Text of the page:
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LESD Tackles Childhood Hunger and Food Waste
Posted 9/24/19

In California, 1 in 6 children struggle with hunger.¹ At the same time, up to 40% of food produced in the US is thrown away.² On January 1, 2018 the State Congress passed SB 557 to help address the joint issues of hunger and food waste by allowing uneaten foods to be placed on a share table that all students can access. Additionally, for those students who don’t face chronic hunger, share tables offer an opportunity to help encourage them to make a healthier choice when hungry.

 

The Lawndale Elementary School District has been concerned about student hunger and its’ effect on the health of our children. Beginning in August of 2018, the school district began offering breakfast and lunch at no cost for all students. Since 2018, all schools have piloted share table programs in various forms to further address student hunger and also tackle food waste. Many of those programs remain in operation today, but some have been discontinued.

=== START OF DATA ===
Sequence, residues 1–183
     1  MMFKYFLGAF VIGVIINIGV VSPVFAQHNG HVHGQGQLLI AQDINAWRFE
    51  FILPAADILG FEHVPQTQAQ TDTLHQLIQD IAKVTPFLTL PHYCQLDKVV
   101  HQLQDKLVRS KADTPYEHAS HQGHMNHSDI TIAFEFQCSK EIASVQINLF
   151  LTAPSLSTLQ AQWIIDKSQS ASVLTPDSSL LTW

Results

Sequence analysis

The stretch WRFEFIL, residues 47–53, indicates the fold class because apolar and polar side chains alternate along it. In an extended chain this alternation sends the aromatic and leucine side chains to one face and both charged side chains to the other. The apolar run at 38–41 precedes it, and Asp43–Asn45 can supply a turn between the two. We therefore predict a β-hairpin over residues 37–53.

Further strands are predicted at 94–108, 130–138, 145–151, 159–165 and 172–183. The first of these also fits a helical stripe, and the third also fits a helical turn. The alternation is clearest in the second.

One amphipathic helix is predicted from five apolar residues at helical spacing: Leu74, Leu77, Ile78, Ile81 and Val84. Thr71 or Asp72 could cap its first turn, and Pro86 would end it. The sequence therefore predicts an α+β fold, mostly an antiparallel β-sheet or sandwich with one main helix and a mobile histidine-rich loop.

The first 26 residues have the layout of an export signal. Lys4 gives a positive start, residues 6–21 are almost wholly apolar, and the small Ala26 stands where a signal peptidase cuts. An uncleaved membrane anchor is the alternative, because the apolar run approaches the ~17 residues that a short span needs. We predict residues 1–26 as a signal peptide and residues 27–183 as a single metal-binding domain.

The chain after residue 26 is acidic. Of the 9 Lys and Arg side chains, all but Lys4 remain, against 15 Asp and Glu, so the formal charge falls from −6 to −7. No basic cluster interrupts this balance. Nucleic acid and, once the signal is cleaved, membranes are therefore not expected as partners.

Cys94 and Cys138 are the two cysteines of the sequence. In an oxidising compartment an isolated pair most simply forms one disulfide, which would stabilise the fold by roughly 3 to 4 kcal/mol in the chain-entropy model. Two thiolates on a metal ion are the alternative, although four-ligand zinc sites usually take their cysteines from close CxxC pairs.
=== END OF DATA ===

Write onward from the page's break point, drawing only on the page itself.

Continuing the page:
As of October 1st, LESD’s CalFresh Healthy Living team (formerly Champions for Change) will start offering technical assistance for share tables at all LESD schools. The CalFresh Healthy Living team hopes to create guidelines about what is allowed on the share table, how the items are stored and ways that food will be distributed to the students and/or community. These guidelines would then be adopted and put into practice at all school sites to help reduce food waste and improve hungry students’ access to food.

 

Do you need help buying food for your family? CalFresh is here to help! To receive more information about the CalFresh program and how it can help your family, visit the CalFresh website.

 

 

Footnotes:

  1. “Hunger in California.” Feeding America, https://www.feedingamerica.org/hunger-in-america/california. Accessed 20 September 2019.

 

  1. “Food Waste.” Natural Resources Defense Council, https://www.nrdc.org/issues/food-waste. Accessed 20 September 2019.